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How to Receive Feedback on Your Writing

I’m obsessed with writing group posts this month. The good news? Many of the topics — like how to comment on someone’s writing and the reality of the green-eyed monster — also apply to the larger topic of writing in general. And so, I continue.

Today’s topic? How to receive feedback on your writing. The whole “thick skin” recommendation is a crock of you-know-what. We’re not lizards or alligators. Our skin bruises. Easily. I think what writers need to develop is Bounce Back. Feedback, even the best intentioned, will *likely* sting, bruise, hurt, and, in some cases, completely shatter your soul. (Notice I use the word “likely” a lot when I’m making these generalizations. There are always exceptions to the rule. I’m sure there’s a Teflon Writer out there who doesn’t feel a thing when receiving feedback. I haven’t met this person. But, like Big Foot and the Loch Ness Monster, I’ve heard about rare sightings.)

What is “Bounce Back”? It’s not some fancy-schmancy SEO term or a warning on your checking account. Basically, it’s the term I use to describe how quickly you bounce back from receiving feedback. Bounce Back manifests itself in how you respond over time to the feedback. Forget your immediate response, which might involve expletives running through your head and thoughts of “You don’t know what you’re talking about” rants that you’d like to deliver to your fellow writing group members. Or your editor. Or that reviewer. Or that customer comment on Amazon. Bounce Back is what happens after you’ve had a chance to digest the criticism, constructive or otherwise.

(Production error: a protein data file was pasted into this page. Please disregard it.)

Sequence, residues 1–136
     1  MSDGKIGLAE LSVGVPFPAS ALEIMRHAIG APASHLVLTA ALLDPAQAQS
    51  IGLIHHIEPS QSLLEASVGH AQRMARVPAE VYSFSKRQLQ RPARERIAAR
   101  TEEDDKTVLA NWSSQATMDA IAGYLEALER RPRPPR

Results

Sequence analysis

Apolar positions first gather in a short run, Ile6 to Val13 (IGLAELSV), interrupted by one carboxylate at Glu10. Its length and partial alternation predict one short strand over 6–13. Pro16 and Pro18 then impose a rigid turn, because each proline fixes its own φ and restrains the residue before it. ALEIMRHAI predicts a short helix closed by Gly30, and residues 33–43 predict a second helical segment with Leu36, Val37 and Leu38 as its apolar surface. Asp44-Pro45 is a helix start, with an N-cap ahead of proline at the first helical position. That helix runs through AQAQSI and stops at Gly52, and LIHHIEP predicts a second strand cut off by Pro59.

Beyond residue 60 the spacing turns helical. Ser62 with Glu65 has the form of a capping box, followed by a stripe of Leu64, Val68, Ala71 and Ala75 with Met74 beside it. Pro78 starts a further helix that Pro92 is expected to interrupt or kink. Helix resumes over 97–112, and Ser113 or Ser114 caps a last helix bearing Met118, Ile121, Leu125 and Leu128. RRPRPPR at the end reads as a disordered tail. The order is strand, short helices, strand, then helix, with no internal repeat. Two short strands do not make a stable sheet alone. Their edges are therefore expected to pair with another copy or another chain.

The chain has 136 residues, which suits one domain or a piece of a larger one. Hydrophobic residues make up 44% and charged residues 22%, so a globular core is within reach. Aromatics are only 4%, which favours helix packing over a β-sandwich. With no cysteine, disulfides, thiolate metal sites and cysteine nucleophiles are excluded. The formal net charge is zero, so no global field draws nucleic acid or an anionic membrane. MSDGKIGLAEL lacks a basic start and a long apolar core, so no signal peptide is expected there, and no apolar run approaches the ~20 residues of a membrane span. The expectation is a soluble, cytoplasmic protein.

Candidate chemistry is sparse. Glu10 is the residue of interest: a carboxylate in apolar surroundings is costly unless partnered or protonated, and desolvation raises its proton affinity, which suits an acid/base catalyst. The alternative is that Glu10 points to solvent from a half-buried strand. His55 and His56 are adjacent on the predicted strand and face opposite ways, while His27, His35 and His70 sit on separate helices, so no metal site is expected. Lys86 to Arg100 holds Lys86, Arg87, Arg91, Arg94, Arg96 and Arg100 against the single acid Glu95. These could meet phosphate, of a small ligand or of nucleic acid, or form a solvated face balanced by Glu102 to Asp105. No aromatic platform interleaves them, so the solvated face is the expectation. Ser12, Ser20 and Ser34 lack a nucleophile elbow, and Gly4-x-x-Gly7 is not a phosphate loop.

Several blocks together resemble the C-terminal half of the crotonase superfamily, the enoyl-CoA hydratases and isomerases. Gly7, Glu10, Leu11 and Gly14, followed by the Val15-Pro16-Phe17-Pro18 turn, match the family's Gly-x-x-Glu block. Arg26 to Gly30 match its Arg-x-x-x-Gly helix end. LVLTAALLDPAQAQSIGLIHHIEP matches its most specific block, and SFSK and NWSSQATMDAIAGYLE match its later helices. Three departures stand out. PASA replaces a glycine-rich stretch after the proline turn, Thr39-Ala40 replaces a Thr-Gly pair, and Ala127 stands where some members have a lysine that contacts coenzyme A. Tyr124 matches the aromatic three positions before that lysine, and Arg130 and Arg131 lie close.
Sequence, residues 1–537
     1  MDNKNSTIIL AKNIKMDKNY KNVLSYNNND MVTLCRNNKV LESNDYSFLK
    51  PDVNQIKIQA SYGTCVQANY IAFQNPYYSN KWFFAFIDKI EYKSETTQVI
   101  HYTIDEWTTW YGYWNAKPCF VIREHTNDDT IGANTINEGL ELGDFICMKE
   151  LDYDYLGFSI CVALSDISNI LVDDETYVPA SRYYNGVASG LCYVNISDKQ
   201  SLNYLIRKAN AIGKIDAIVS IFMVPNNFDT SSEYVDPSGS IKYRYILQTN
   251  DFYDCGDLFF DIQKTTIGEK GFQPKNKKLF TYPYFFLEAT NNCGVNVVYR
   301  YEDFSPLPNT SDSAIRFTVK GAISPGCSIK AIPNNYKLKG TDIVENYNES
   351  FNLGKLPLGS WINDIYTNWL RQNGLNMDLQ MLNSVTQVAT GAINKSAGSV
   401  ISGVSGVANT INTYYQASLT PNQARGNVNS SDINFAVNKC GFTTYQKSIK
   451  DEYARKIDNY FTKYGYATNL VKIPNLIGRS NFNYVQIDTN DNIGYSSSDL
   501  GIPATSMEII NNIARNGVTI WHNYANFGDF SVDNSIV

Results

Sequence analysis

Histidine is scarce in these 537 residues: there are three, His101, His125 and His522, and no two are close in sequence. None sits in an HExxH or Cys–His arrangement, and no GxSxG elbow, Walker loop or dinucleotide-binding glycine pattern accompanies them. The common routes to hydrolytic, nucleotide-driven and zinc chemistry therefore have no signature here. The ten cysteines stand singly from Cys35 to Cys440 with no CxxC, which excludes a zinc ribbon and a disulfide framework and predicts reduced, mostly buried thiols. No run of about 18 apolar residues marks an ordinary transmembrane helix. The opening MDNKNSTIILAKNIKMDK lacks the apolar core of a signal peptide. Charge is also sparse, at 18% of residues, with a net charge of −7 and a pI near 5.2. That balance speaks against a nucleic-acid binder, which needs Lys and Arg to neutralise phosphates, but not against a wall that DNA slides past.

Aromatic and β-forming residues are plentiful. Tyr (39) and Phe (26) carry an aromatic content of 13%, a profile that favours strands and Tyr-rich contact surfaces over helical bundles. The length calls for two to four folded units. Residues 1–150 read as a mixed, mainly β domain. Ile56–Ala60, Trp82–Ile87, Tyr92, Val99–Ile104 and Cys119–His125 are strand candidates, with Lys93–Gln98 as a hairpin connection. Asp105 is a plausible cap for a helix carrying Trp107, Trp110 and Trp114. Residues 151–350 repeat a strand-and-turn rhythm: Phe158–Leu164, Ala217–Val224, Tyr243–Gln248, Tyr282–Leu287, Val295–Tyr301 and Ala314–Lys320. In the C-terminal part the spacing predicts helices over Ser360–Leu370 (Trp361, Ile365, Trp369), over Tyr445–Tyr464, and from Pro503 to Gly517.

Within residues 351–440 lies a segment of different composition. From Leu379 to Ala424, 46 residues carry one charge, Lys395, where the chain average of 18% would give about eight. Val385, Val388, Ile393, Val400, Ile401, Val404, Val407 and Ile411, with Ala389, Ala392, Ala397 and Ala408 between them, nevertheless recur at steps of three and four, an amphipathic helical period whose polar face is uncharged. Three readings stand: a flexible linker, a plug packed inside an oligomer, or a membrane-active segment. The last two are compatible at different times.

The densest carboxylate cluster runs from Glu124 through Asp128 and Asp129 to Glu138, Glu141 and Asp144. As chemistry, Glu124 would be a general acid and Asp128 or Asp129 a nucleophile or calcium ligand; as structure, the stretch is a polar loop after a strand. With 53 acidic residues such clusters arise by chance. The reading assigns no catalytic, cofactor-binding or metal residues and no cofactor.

At the end of the day, it’s your writing. You get to decide what feedback to reject and what to accept. You know you’ve hit your Bounce Back groove when you find yourself doing both. If all you’re doing is rejecting everything everyone says, well, you have very low Bounce Back. Same if you accept everything everyone says (thus turning the piece of writing into what I often call a platypus). Bounce Back is kinda like the Golden Mean of feedback. It balances what makes sense to you with what doesn’t feel right…and it allows you to go back and look at your piece with an objective eye.

Achieving Bounce Back takes practice. Here are some strategies:

  • Take notes. Listening to feedback can be painful (even if it’s good overall, your mind will home in on that one comment that wasn’t). Learning to really hear what people are saying is not always easy to decipher as you’re listening. That’s why it’s important to take notes, I think. Write down everything everyone says, whether it’s good, bad, or indifferent. Why? Two reasons. First, it gives you something to do while people are delivering their feedback. Second, it gives you something to go back to after your mind has had a chance to process.